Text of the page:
Sunday, April 17, 2022

Senator Biaggi's Week in Review: 4/11/22-4/15/22


Senator Alessandra Biaggi

Dear Community,

A week ago, the New York State Legislature and Executive approved the 2022-2023 State Budget. Although the Budget ultimately passed, I voted no on the Education, Labor and Family Assistance, and Capital Budget bills because I believe that New Yorkers deserved more. This year’s budget provided ample opportunity for our government to prioritize struggling New Yorkers and fully invest in our communities. Yet, instead of utilizing this crucial moment with much needed investments in housing, child care, education, healthcare, climate justice and more, our Governor insisted on handing out corporate welfare to billionaires and prioritizing her personal interests. 

This budget also failed to transform and overhaul our system of ethics and oversight. In the wake of one of the state's largest ethical crises, we had the opportunity to establish a new and truly independent ethics body that can finally turn the page on endemic corruption in government. Instead, the new ethics entity created – the Commission on Ethics and Lobbying in Government– fails to correct the structural shortcomings of the Joint Commission on Public Ethics (JCOPE) by allowing political leaders to directly appoint members to the commission tasked with overseeing them. Our system of ethics remains weak, and we will only continue to encounter the same issues that we faced with JCOPE until these flaws are addressed. 

The state budget consists of the people’s money, and as elected officials, it is our responsibility to utilize public funds in a manner that is beneficial to the greatest number of New Yorkers. Unfortunately, this budget falls short in providing meaningful investments in addressing our climate crisis, fails to provide transformative investment needed for SUNY and CUNY, shortchanges home health care workers, and yet again fails to establish the Housing Voucher Access Program. The budget also excludes undocumented New Yorkers from vital child care programs and falls short of guaranteeing health coverage for all. Instead, Governor Hochul introduced harmful criminal justice rollbacks during the eleventh hour of the budget process, without giving the Legislature adequate time for deliberation and instead insisted on handing out corporate welfare to the 5th highest paid owner in the NFL. The purpose of the State Budget is to invest in the future of our state — not to introduce policy or advance political agendas rooted in misinformation and fear mongering. The best way to guarantee safety and wellness in our communities is by investing in them. Unfortunately, we missed several opportunities in this budget to make those investments.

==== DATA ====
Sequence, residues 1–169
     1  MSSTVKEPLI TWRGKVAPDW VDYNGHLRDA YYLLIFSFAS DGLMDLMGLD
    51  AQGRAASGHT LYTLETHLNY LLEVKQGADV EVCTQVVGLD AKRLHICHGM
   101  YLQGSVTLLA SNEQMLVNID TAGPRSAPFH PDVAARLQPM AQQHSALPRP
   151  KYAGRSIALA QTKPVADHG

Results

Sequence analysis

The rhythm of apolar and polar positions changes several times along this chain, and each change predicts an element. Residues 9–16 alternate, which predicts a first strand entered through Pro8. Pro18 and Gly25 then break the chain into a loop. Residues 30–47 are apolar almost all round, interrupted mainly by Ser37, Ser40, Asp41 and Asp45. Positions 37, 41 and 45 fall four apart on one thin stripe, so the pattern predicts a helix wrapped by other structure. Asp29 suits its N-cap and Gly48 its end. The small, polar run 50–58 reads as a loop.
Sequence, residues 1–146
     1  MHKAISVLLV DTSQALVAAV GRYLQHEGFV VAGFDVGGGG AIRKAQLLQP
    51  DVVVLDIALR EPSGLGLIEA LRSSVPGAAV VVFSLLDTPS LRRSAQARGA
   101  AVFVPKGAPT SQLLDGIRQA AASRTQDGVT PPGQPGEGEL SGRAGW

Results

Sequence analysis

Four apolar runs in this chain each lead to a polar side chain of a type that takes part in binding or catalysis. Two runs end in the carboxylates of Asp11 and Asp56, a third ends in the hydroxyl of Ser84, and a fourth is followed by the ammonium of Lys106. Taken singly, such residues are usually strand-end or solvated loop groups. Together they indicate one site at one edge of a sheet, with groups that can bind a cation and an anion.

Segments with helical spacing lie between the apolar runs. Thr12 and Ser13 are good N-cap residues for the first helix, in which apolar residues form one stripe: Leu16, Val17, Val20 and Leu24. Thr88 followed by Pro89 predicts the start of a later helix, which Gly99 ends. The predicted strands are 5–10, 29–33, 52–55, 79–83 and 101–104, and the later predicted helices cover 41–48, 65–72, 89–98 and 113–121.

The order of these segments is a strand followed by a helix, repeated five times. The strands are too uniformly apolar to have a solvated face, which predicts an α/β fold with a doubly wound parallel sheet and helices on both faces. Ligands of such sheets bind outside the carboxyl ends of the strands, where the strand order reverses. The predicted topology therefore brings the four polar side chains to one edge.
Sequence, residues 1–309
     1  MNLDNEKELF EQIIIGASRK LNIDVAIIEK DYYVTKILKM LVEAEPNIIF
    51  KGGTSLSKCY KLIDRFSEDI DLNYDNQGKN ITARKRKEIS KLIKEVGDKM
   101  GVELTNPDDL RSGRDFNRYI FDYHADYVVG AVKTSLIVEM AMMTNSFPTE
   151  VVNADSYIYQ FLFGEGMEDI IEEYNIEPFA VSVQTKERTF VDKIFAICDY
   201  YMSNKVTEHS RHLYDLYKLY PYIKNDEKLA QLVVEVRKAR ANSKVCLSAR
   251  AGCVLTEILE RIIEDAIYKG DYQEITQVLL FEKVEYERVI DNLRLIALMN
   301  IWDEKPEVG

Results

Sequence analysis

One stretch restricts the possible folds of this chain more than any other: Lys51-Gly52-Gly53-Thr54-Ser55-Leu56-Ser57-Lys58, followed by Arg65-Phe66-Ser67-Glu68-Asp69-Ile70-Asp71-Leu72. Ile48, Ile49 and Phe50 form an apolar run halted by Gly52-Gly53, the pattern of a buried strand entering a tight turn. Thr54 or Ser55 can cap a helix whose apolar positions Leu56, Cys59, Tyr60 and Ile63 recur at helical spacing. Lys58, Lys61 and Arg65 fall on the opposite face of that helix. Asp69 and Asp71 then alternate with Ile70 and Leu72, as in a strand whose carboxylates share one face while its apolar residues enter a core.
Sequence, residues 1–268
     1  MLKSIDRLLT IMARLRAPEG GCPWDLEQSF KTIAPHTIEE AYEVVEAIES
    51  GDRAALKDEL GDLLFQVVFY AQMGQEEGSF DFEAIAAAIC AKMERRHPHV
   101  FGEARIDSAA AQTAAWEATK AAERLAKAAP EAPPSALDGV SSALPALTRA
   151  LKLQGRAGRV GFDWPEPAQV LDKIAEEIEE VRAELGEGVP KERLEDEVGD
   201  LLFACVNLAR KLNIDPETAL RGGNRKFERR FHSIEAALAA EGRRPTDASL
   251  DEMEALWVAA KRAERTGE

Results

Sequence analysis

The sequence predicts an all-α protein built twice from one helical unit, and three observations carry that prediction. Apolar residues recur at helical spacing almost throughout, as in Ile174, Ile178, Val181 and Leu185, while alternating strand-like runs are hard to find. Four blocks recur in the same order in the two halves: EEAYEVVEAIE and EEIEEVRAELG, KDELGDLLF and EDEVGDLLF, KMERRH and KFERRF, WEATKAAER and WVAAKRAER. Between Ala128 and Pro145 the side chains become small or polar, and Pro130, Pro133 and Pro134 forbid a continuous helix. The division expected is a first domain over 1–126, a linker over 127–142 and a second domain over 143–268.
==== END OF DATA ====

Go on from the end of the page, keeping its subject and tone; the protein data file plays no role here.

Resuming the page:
I do want to acknowledge that despite the shortcomings, we have made progress with this budget. We are making historic investments to expand access to child care and provide needed support to child care providers. We are improving access to the polls by instituting polling sites on college campuses and providing paid postage absentee ballots. While I am extremely proud of these gains to our state, I know that we can and should do more. Some of the most notable victories within the budget include:

  • EMERGENCY RENTAL ASSISTANCE PROGRAM (ERAP): $800 million in state funds to support low and moderate-income households at risk of housing instability.
  • HOME CARE WORKERS: Increase in home care worker wages, securing an increase of $3 per hour over two years. Although our home healthcare aides deserve more, this is a great start in securing a livable wage for these essential workers. 
  • CLIMATE: $1.2 billion for the landmark Clean Water, Clean Air, and Green Jobs Environmental Bond Act, bringing the total investment to $4.2 billion. 
  • ALCOHOL TO-GO: Restaurants and bars will be allowed to sell alcoholic beverages for take-out or delivery with the purchase of food. 
  • CHILD CARE: An investment of $7 billion over 4 years in child care services. The Budget also increases the income eligibility threshold for child care subsidies to 300 percent of the federal poverty level ($83,250 for a family of four) and expands access to high quality child care by increasing the child care market rate to include 80 percent of providers.
  • DISTRESSED HOSPITALS: $1.1 billion for hospitals still experiencing financial distress from the COVID-19 pandemic.
  • GUN VIOLENCE: $227 million to fund bold initiatives that will strengthen the gun violence prevention efforts of law enforcement and community-based organizations. 
  • SCHOOL AID: $31.5 billion in total School Aid for School Year 2023, the highest level of State aid ever. 
  • GAS TAX HOLIDAY: Suspension of the state sales tax imposed on fuel from June through December 2022. 
  • PUBLIC PROTECTION: $110 million to public protection agencies to support the following programs; gun violence prevention, legal aid services, pretrial services, alternatives to incarceration, and discovery reform.
  • TAP-INCARCERATED$5 million in TAP funding for incarcerated individuals.
  • HOUSING: $250 million to eliminate COVID-era residential utility arrears and $125 million in homeowner and landlord assistance.

While this budget represents missed opportunities and prioritized interests, we have until the end of session to invest in our communities and live up to our values. I am committed to continuing to fight to provide New Yorkers with the long-term investments they deserve. 

For a detailed breakdown of what is included in the 2022-2023 New York State Budget, click hereIf you have any questions regarding the budget and how it may impact you or your community, please reach out to our office. You can reach us at or by calling the office at 718-822-2049.

With Gratitude,

State Senator Alessandra Biaggi

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